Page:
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The direct use of force is such a poor solution to any problem, it is generally employed only by small children and large nations. -  David Friedman
A peace sign in Ukrainian colors, from a march in Berlin. 

Good morning!

Like a lot of you, my mind is in Ukraine this morning.

As a child in the Reagan era when we played chicken with Russia, I was fully convinced I would die in a ball of nuclear fire. Talking to my fellow Gen X folks, I know not everyone experienced this, but I know lots of us did.

It was in the air, back then – the idea that a global war could happen, and all of this could go away. The TV movie The Day After came on in 1983, and I didn’t sleep right for ages after that – laying in bed at night, afraid we would all die in an instant, or worse, that we wouldn’t.

Fear of the Russians and global war prompted the rise of movies like Red Dawn, which asked how we would respond if we were invaded. Twelve-year-old me was both fascinated and horrified at the prospect. It also skyrocketed the careers of Chuck Norris and Sylvester Stallone, both of whom made a fortune killing Russians on screen.

But then Glasnost reigned, and the Berlin Wall fell. We entered a time of relative peace with localized skirmishes with upstart dictators until 9/11 happened and we found a new threat of which to be afraid, but in a different, smaller, way. The last week has stirred fears and feelings I didn’t know were still in me, their having lain dormant for 35 years or so.

But that’s the thing – there is always something to fear. There will always be threats, always be bullies, always be shouting despots and raving madmen intent on watching the world burn.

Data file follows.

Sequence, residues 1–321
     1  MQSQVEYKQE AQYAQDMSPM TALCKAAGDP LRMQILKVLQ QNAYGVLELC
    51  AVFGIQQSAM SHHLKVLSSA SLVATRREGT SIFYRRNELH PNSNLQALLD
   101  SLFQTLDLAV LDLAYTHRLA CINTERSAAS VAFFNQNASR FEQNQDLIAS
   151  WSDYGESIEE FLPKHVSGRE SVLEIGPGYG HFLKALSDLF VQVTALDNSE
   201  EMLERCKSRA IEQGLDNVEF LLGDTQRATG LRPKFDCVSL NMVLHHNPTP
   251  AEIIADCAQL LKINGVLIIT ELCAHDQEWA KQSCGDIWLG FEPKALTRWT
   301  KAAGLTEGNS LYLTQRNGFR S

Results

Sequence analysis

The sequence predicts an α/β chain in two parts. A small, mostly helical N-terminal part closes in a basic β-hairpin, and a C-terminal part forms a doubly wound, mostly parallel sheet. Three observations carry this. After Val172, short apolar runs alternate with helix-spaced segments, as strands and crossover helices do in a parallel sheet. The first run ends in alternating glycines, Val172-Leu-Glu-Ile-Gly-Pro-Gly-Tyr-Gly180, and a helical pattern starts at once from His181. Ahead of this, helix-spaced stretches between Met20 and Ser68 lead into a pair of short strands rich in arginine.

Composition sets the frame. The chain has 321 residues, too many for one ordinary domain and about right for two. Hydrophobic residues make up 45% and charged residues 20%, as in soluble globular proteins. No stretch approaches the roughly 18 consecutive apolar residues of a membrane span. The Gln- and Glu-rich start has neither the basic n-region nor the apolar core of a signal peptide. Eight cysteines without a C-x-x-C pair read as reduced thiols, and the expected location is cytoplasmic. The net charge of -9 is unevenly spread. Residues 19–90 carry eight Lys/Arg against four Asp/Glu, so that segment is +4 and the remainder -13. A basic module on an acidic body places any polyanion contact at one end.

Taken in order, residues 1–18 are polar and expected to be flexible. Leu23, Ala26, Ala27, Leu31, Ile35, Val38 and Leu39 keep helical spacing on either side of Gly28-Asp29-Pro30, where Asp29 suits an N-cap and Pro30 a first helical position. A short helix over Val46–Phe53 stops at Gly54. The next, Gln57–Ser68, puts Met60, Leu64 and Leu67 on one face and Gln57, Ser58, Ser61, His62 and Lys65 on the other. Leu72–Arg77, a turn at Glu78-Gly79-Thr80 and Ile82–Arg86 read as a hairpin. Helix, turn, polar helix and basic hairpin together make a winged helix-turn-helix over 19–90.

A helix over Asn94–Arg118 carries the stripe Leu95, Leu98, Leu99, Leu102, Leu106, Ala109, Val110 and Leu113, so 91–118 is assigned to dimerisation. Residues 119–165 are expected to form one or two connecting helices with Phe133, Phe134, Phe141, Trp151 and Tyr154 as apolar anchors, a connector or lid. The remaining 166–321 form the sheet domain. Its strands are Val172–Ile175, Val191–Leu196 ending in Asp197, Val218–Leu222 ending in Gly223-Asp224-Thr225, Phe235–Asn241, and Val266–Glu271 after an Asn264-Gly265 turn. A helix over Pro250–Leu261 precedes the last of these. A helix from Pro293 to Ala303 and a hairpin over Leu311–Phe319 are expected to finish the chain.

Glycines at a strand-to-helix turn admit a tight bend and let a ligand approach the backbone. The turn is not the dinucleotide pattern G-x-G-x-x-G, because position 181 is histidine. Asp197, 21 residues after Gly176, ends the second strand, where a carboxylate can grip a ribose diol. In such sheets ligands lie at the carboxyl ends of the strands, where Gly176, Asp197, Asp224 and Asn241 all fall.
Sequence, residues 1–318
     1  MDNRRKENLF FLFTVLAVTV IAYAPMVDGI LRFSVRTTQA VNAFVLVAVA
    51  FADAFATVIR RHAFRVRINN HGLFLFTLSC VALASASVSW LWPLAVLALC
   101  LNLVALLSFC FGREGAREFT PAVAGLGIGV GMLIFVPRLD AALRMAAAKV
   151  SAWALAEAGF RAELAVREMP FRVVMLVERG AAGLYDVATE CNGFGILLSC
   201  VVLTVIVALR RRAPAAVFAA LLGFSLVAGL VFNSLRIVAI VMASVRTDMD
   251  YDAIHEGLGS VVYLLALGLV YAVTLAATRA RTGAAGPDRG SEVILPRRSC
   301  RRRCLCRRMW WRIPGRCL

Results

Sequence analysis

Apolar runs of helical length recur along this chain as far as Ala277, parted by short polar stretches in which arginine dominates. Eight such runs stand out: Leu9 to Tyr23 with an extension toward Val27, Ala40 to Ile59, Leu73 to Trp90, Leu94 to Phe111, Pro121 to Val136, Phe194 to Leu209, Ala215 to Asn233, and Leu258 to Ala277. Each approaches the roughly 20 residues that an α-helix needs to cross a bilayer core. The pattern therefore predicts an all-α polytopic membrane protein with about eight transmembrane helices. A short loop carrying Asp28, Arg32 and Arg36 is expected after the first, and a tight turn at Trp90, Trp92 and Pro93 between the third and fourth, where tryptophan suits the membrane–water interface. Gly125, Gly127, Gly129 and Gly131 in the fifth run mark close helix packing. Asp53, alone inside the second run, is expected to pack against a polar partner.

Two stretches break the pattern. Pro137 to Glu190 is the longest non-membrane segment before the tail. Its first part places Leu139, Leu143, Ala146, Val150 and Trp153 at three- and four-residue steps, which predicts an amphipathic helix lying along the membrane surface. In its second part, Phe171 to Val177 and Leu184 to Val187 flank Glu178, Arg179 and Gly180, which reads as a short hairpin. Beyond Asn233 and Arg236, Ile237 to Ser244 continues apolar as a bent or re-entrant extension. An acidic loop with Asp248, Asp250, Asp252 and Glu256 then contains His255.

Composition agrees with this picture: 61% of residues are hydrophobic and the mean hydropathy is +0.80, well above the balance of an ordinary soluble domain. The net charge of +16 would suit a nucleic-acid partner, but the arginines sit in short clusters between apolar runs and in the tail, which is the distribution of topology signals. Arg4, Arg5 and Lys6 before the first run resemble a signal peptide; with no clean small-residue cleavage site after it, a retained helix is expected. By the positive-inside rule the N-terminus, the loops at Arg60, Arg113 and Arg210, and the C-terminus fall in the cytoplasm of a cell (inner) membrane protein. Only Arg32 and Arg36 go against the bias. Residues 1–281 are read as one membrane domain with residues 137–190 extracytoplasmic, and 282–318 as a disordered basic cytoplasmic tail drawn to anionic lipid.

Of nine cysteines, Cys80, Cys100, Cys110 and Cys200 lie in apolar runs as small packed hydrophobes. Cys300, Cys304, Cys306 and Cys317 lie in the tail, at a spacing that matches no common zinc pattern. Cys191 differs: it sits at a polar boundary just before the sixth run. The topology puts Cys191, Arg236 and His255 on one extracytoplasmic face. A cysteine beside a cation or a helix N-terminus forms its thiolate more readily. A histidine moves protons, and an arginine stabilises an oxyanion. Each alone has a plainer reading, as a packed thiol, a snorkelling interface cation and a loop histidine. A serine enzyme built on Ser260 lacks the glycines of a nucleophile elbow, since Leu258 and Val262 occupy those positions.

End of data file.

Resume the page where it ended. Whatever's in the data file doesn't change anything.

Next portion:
But there will also always be flowers. And sunrises. And birds that sing when we awaken. And smiles on babies. And kittens. As my friend Gareth likes to remind me, there is much more friendship in this world than there is war.

As a species, it seems sometimes that it is in our nature to destroy ourselves. But it is also in our nature to make art, and tell jokes, and point out beauty. In the Ukraine, right now, there is a child drawing pictures, a mom using stuffed animals to tell a story that distracts her children from the horror around them, a couple making love, a man sketching in the dust in his fighting position, and pregnant mothers who dream of a better life for their children.

In the midst of pain is always beauty, and if we will search for it, it can save us, and bring us home.
 

Here are five things I thought were beautiful

Reader survey

Next month will be 7 years I have been publishing this newsletter. I know, I can’t believe it myself. In light of that, I wanted to ask you some questions about why you subscribe, what you like and what you don’t. There are 9 questions – some are "pick one", some are fill in the blank. The answers are anonymous – I won’t know who says what, so don’t be afraid of telling the truth. If there is something you want me to know is from you, just hit reply to this email. 

The reader survey can be found here

I will leave the survey up for a few weeks (because of question #1), so don’t feel rushed. But I love doing this project and want to make sure I’m doing it in a way that gives you life as well.
 

 Housekeeping

If you subscribe to my other newsletter, know that I will now be sending it from this email address as well. It should still be fine, but anytime you change things, it can mess with delivery rates. If for some reason you don't see it in your inbox by lunchtime Friday, please let me know and we will figure it out. 

Thank you so much for all the ways you support this project - by forwarding this letter to your friends, by talking it up on social media, by being a Patron, buying me a book or a cup of coffee, I am grateful for your support and all the ways you make this project possible.

This list grows slowly, by one or two names most weeks, because someone like you forwards it to somebody else, who subscribes. And if someone did forward this to you, you can get your own subscription here.

Take care of yourself. And each other. 

Hugh Hollowell Jr
Publisher
soverybeautiful.org

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